I’ve been sampling a bunch of new food blogs lately, following random links, allowing one website to lead me to the next in that odd way the Internet has of taking you places you never expected to visit. It’s great how many sites these days are devoted to real food -- finding it, cooking it, enjoying it. Yeah, the calorie-counting diet folks are still out there, but whenever I land on one of their blogs, they always sound exhausted to me. Which isn’t surprising, given they’re fighting a hopeless battle and getting nowhere.
Dieting is so over. Real food is where it’s at!
What’s real food, you ask? It’s food made from recognizable ingredients, preferably originating nearby and prepared by you or someone you know -- as opposed to fake food, which contains unpronounceable chemicals and rolls off a factory assembly line.
People who eat real food are motivated by a wide range of interests, ranging from health and weight loss to economics and social justice. In fact, one of the coolest things about this movement is how it cuts across political and social boundaries.
The real-food bloggers I’ve been reading come in a variety of flavors, from crunchy New Age to conservative Christian. There are certainly Volvo-driving, Whole Foods-shopping lefties in this crowd, but there are just as many anti-government types who don’t trust our centralized food supply chain and want out of the matrix.
Consider pastured eggs, for a moment. They’re prized equally by health enthusiasts for their high levels of good fats and other nutrients, by gourmet cooks for their superior flavor and quality, and by animal sympathizers for the kinder way in which they’re produced. In fact, there are so many good reasons to choose eggs from a backyard chicken over supermarket eggs that it really doesn’t matter why you do it -- just that you do it!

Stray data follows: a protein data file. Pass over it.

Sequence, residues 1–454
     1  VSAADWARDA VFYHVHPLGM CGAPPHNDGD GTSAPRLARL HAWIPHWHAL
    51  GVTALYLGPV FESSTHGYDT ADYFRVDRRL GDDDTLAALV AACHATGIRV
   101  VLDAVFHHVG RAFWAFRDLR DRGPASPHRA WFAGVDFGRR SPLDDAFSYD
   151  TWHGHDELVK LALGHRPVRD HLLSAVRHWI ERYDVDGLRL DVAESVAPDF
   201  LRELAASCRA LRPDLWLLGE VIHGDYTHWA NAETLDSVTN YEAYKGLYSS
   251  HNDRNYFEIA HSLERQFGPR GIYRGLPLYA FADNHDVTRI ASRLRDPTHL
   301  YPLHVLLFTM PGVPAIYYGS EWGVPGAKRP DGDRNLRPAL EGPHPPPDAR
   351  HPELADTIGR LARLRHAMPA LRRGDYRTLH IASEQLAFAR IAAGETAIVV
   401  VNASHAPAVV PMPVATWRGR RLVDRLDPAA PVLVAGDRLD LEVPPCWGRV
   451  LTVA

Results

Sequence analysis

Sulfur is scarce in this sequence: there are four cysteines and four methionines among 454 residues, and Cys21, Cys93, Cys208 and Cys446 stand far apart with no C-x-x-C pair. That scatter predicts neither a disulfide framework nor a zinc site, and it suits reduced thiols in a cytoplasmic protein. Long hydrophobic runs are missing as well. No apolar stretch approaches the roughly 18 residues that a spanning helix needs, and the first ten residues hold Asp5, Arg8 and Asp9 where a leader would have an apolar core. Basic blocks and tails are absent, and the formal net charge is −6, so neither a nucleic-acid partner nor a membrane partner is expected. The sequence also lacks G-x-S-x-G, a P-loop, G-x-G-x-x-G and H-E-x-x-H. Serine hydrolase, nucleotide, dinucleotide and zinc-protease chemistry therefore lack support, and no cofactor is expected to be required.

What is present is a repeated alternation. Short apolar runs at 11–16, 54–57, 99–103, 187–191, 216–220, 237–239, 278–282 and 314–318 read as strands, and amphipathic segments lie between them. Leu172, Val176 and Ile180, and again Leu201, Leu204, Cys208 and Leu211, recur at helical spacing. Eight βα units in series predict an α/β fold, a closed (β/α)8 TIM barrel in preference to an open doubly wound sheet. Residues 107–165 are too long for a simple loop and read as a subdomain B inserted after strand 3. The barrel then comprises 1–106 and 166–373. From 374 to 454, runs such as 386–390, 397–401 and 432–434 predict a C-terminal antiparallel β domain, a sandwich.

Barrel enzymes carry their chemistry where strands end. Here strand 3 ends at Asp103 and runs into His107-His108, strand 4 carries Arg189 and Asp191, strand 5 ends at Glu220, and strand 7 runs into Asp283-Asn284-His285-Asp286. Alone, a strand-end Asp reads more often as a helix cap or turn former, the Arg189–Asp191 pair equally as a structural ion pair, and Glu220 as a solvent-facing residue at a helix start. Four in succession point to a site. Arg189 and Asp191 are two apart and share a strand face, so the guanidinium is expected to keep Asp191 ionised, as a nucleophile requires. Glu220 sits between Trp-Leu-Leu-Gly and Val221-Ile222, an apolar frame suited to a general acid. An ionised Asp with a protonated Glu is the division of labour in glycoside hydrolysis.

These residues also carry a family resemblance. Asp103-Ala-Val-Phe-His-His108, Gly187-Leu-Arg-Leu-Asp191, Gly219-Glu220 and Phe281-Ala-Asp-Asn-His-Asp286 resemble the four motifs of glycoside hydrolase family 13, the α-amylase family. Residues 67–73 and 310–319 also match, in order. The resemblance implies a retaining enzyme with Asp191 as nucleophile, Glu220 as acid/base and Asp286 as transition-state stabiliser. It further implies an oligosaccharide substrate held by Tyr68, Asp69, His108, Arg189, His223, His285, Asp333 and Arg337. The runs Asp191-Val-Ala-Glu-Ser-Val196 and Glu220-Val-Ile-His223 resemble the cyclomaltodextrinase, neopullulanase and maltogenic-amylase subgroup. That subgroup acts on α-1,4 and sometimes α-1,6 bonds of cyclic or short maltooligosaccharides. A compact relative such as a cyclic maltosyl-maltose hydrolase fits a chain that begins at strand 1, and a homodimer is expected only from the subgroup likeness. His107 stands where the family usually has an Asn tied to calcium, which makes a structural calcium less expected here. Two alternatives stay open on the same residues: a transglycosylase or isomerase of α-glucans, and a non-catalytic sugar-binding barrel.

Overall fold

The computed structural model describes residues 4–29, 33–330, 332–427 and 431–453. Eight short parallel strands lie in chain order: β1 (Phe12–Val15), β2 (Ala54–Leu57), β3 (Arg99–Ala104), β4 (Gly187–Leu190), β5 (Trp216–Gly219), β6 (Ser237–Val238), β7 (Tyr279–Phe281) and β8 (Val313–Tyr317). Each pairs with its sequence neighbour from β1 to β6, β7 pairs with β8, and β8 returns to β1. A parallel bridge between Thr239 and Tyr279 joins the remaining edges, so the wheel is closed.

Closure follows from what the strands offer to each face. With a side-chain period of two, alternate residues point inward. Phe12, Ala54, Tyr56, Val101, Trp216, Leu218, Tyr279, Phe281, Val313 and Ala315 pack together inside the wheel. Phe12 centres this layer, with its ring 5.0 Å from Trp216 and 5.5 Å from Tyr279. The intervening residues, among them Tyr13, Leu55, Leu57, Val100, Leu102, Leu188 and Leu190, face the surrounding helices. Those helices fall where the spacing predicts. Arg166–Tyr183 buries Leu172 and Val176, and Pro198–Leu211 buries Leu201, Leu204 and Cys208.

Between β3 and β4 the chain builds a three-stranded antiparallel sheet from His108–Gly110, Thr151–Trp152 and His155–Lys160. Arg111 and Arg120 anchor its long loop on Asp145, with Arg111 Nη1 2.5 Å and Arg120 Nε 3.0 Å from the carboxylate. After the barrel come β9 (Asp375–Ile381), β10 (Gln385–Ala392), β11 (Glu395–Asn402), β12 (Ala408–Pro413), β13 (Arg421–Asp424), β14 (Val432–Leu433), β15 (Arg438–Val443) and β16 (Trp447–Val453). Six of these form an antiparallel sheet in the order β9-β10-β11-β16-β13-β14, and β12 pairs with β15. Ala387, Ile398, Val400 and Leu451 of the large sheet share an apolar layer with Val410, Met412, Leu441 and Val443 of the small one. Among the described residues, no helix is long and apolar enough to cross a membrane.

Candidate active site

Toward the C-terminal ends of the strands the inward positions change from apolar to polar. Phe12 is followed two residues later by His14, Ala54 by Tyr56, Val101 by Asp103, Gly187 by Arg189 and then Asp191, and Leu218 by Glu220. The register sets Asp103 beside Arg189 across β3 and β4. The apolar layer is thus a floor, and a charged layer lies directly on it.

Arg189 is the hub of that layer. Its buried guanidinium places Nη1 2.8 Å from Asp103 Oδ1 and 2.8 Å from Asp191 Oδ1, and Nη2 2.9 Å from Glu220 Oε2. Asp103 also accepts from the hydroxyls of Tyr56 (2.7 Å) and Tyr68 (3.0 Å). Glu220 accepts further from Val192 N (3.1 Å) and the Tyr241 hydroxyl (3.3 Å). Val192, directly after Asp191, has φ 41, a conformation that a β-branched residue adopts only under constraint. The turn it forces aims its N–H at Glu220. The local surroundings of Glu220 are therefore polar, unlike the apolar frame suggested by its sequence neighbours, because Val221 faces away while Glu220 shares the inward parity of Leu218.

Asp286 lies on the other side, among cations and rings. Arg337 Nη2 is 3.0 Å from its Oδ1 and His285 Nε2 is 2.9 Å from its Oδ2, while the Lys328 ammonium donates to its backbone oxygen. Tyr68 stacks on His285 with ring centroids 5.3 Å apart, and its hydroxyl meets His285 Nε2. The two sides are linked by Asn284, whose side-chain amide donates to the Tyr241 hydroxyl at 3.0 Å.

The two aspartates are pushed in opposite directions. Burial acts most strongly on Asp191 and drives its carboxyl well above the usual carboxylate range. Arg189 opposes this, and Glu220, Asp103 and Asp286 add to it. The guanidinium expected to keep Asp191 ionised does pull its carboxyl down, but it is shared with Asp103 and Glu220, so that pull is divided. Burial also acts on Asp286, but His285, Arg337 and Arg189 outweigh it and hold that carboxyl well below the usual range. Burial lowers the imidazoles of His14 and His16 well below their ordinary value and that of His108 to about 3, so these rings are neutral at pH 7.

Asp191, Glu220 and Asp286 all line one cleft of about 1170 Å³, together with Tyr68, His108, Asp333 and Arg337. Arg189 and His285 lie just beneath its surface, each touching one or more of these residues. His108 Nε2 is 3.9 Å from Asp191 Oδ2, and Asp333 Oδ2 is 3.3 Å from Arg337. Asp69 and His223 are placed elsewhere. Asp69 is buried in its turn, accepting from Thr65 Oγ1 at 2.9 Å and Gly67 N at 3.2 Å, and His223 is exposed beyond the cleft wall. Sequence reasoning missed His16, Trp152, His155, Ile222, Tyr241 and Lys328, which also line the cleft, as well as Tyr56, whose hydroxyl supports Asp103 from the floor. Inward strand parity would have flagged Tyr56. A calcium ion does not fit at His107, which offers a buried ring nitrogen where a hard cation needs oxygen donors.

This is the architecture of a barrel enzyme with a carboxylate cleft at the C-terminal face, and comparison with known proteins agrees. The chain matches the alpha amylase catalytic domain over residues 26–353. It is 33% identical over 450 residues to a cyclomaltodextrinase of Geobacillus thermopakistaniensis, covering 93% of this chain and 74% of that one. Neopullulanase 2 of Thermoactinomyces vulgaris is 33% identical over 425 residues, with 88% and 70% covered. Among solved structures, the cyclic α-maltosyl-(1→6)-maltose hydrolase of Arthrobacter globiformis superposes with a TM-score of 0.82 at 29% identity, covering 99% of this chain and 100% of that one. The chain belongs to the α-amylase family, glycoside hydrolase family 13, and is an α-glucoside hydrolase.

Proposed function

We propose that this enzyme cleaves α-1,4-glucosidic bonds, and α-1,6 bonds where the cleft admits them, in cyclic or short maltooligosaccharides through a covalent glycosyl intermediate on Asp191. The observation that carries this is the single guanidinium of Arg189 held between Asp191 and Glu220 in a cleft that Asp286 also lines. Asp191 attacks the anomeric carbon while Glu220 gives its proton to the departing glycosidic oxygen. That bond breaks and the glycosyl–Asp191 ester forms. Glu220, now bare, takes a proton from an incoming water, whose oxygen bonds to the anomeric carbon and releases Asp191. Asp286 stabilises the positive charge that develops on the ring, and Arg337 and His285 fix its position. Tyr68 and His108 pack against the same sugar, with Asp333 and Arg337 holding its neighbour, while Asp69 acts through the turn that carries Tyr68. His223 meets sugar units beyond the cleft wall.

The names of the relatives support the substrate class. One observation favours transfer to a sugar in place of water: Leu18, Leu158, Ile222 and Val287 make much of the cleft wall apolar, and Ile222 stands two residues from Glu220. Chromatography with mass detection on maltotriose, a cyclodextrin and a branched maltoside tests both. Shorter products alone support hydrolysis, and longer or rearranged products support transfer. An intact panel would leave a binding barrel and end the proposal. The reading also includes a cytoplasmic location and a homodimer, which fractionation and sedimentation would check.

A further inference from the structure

Even that stereotype about fresh food being for rich people isn’t really accurate anymore. Local food doesn’t have to break your budget if you grow it yourself, join a CSA, or cooperate with your friends. The most delicious eggs I ever ate were free: a neighbor gave them to me in exchange for feeding his flock while they were out of town. The eggs weren’t certified organic, but the chickens ate organic feed and roamed around outdoors as chickens were intended to do. I saw for myself how healthy they were and how well they were treated.
By contrast, organic supermarket eggs are often produced under conditions hardly any different from regular eggs. The chickens are just as confined and their lives just as miserable. (See how different brands rate on the Cornucopia Institute’s organic egg scorecard .)